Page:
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Abnormal Interaction of Oligomeric Amyloid-β with Phosphorylated Tau: Implications for Neuronal Damage in Alzheimer's Disease.

Neurogenetics Laboratory, Division of Neuroscience, Oregon National Primate Research Center, Oregon Health & Science University, Beaverton, OR, USA.
Journal of Alzheimer's disease: JAD (Impact Factor: 4.15). 04/2013; 36(2). DOI: 10.3233/JAD-130275
Source: PubMed

ABSTRACT Alzheimer's disease (AD) is a progressive neurodegenerative mental illness characterized by memory loss, multiple cognitive impairments, and changes in personality and behavior. The purpose of our study was to determine the interaction between monomeric and oligomeric amyloid-β (Aβ) and phosphorylated tau in AD neurons. Using postmortem brains from AD patients at different stages of disease progression and control subjects, and also from AβPP, AβPPxPS1, and 3xTg-AD mice, we studied the physical interaction between Aβ and phosphorylated tau. Using immunohistological and double-immunofluorescence analyses, we also studied the localization of monomeric and oligomeric Aβ with phosphorylated tau. We found monomeric and oligomeric Aβ interacted with phosphorylated tau in neurons affected by AD. Further, these interactions progressively increased with the disease process. These findings led us to conclude that Aβ interacts with phosphorylated tau and may damage neuronal structure and function, particularly synapses, leading to cognitive decline in AD patients. Our findings suggest that binding sites between Aβ and phosphorylated tau need to be identified and molecules developed to inhibit this interaction.

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    • "It is known that aggregated A␤-based senile plaques and hyperphosphorylated tau-based neurofibrillary tangles do not colocalize in AD brains (e.g., [22]); that intracellular neurofibrillary tangles do not contain A␤ [39]; that monomeric as well as oligomeric A␤ peptides interact especially with phospho-tau in AD neurons, creating soluble complexes [23] [26]; that interactions with A␤ evoke phosphorylation and aggregation of tau in vitro (but they prevent A␤ self-aggregation); and that increased phosphorylation of tau subsequently reduces the extent of this binding [21] [22] [23]. Taken together, the available data may be interpreted as follows: i) extracellular A␤ plays a role especially in senile plaques and intracellular A␤ in interaction with tau, among others; ii) intracellular monomeric A␤ can bind to nonphospho-tau (tau protein could be a physiological intracellular carrier of intracellular A␤ peptides, preventing their oligomerization/aggregation [22], analogously to other protein/lipoprotein carriers [3–18], see, e.g., the high-affinity of A␤ for tau [23]); and finally iii) intracellular oligomeric A␤ peptides interact mainly with phospho-tau and so create soluble complexes [23] [26] [40], which could be one of the first pathological steps leading to neurofibrillary tangles containing aggregated hyperphospho-tau because subsequent phosphorylation promotes dissociation of the complexes [23]. Our results indicate that interactions of monomeric A␤ and tau probably occur also in healthy people and that soluble A␤-tau complexes can diffuse into CSF (see also the marked negative correlation between the complexes and MMSE score in the control group, Table 4). "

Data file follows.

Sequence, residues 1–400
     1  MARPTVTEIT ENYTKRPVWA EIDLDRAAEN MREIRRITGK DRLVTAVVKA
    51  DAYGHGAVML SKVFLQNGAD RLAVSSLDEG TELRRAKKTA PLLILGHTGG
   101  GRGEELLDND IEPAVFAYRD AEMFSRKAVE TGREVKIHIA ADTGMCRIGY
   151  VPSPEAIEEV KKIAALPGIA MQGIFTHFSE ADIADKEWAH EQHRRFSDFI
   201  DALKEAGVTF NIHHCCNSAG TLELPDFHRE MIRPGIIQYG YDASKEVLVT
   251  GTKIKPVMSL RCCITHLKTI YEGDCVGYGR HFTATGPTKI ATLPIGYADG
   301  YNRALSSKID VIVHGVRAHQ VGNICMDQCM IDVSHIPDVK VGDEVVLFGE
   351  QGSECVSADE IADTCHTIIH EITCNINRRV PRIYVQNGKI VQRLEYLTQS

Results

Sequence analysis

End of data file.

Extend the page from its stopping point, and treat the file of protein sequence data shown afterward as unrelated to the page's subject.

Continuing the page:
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    ABSTRACT: Background: Despite the physiological sequestration of amyloid-β (Aβ) peptides by various carriers, interactions between peptides and protein tau appear to be pathological and involved in the development of Alzheimer's disease (AD). A recent study reported increased Aβ-tau interactions in the neurons of AD patients. Objective: We investigated the possibility that levels of Aβ-tau complexes in cerebrospinal fluid could be a prospective biomarker of AD, with greater sensitivity and specificity than Aβ1-42, tau, or phospho-tau individually. Methods: By means of ELISA, we estimated levels of the complexes in 161 people (non-demented controls, people with mild cognitive impairment (MCI), probable AD or other types of dementia). Results: We found significant reductions in levels in people with MCI due to AD (down to 84.5%) or with AD (down to 80.5%) but not in other types of dementia. The sensitivity of the new biomarker to AD was 68.6%, the specificity 73.3% (compared to controls) or 59.1-66.1% (compared to other types of dementia). No significant correlations were observed between the complexes and the remaining biomarkers or between those and Mini-Mental State Examination score. Conclusion: We suppose that attenuated levels of complexes in cerebrospinal fluid reflect the accumulation of Aβ bound to tau in AD neurons and that changes start many years before symptom onset, analogously to those in Aβ1-42, tau, or phospho-tau. Unfortunately, these complexes are not a significantly better biomarker of AD than current biomarkers.